I ask, because I have always tried to do this. I know very well what the different denominations have wanted me to think about the symbol of the cross—I studied this in Divinity School. I know very well what my evangelical fundamentalist relatives in California all wanted me to feel—abject gratitude for Jesus’ compliance with God’s eternal plan.
But what unprompted feelings did I experience gazing upon the crucifix, in my visits to Catholic churches, or the cross, like the one hanging prominently over the dais in Old South Church in Boston?
On the one hand, as a Vatican II “baby,” (Vatical II, 1960-65, was Catholicism’s Reformation), I am pre-disposed to Catholic sensibilities. I invited my local Catholic priest to participate in my ordination in Geneseo, Illinois, and he came. Catholic leaders were prominent in the civil rights and peace movements, which were important to me. I have always been influenced by the sacramental world-view of the Catholic faith and moved by the drama of the Mass. The Catholic church has a sympathy to anything that touches the senses—for them there is a mediating power in physical reality. They are earth-based. They use art and artifact, music, chant, tactile elements and gestures—resulting in “sensual luxury.”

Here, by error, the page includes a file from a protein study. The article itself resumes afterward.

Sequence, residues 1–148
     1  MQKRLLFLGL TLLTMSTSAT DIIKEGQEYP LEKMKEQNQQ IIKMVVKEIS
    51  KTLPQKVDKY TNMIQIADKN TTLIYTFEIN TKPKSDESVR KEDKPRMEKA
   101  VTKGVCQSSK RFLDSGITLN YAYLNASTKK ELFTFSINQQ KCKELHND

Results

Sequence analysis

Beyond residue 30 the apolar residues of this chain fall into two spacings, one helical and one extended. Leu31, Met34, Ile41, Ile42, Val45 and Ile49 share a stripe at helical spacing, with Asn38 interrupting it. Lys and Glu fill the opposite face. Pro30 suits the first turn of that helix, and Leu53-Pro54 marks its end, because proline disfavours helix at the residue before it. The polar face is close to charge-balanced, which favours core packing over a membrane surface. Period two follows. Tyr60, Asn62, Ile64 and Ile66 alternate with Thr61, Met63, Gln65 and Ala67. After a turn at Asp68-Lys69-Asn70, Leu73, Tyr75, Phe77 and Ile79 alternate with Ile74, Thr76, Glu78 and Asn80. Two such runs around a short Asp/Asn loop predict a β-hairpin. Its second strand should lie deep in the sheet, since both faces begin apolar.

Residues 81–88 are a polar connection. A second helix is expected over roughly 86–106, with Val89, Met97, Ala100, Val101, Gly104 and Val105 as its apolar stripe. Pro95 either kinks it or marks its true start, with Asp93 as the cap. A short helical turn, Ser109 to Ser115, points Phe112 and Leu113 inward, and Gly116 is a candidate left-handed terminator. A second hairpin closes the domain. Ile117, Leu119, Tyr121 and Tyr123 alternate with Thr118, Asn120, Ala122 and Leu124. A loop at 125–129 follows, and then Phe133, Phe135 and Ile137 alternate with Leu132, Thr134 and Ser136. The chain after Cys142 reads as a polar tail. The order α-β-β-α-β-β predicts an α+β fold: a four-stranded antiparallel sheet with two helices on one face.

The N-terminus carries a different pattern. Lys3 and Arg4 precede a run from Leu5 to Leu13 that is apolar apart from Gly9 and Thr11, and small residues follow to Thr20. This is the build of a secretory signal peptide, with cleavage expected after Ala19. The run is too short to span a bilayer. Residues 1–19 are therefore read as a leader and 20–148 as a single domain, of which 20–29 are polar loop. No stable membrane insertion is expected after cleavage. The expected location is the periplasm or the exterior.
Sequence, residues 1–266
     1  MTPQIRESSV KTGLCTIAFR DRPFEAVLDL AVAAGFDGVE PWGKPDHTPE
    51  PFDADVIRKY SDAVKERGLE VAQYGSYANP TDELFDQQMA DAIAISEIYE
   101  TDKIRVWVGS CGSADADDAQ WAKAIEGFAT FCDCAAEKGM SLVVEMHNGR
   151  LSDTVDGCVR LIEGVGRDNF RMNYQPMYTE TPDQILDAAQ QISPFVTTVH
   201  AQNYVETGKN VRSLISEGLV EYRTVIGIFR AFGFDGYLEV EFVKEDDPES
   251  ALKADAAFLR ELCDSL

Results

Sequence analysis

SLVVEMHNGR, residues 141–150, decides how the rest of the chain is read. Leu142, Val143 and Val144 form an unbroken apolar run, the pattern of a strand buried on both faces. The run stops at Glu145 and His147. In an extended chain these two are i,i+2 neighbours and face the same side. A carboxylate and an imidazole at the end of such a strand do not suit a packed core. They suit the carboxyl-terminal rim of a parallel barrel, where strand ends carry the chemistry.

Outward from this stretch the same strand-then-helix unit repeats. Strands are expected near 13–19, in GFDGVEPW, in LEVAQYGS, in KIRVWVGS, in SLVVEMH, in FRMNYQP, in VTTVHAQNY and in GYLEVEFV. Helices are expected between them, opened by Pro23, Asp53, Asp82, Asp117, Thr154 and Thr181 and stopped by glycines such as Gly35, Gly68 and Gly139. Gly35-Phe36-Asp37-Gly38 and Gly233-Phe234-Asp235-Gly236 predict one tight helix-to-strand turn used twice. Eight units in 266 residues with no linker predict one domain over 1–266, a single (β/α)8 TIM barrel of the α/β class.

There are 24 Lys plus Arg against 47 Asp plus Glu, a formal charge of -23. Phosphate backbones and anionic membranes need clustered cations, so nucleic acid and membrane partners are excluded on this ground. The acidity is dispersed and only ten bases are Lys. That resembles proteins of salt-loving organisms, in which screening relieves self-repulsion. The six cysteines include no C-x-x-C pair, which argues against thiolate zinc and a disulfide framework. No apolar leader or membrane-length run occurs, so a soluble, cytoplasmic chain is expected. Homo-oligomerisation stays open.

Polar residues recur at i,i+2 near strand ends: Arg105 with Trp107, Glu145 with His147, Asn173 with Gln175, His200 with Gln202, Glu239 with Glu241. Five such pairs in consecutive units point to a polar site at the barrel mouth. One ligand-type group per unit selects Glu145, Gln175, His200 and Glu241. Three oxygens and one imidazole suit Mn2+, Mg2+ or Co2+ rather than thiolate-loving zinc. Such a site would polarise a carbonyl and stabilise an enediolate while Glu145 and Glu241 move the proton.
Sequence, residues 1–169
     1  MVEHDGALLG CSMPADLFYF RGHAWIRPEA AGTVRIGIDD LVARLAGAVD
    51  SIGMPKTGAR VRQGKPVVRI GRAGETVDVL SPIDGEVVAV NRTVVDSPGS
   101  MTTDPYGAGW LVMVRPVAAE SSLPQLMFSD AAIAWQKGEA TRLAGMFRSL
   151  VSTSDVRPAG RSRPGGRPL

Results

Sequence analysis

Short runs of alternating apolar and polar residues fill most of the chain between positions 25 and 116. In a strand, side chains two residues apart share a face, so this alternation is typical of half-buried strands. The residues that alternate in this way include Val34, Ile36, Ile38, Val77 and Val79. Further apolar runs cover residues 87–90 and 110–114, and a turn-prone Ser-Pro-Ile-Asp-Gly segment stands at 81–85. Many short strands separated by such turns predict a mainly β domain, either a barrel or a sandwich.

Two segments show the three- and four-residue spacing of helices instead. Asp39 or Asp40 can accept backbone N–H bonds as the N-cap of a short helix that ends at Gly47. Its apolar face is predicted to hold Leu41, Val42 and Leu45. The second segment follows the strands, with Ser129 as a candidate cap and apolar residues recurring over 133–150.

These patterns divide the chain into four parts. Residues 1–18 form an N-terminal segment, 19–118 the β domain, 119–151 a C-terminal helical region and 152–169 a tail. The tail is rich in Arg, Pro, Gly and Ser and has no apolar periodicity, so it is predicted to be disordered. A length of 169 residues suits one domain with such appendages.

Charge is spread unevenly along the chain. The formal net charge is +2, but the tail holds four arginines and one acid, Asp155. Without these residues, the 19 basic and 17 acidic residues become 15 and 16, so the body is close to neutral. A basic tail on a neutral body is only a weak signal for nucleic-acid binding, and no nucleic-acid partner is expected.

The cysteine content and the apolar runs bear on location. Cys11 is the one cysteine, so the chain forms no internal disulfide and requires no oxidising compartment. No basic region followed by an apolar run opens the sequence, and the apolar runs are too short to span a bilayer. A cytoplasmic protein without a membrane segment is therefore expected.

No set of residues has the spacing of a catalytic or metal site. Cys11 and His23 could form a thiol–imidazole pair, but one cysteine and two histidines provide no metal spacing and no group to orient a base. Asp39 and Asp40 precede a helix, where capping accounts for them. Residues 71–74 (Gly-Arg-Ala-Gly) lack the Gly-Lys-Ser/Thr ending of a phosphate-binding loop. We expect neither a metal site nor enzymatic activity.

On the other hand, when looking at the vacant cross, having been born and raised a Congregationalist, I know I have a degree of the squirminess probably typical of any Protestant looking at the near-naked body of a Jesus in vivid pain. And when I am looking at the Protestant cross, I see the instrument of death conquered by Christ’s resurrection.
Yet, it came to me once to see in both images a single human experience, namely, I see LOSS—the universal experience of loss, and paradoxically, loss which replenishes.
- The crucifix to me is a sign of the tragic nature of life, life that, as good as it is and can be, nevertheless must end. Every parent we say goodbye to as we accompany them on the long glide home, the friend whose premature death draws hundreds to the funeral, the news of another celebrated political leader like Rep. Elijah Cummings—this is LOSS which I see reflected in the crucifix, the loss inherent in human life. It is a lot more painful to get off this planet than to get on. These are validated in the crucifix.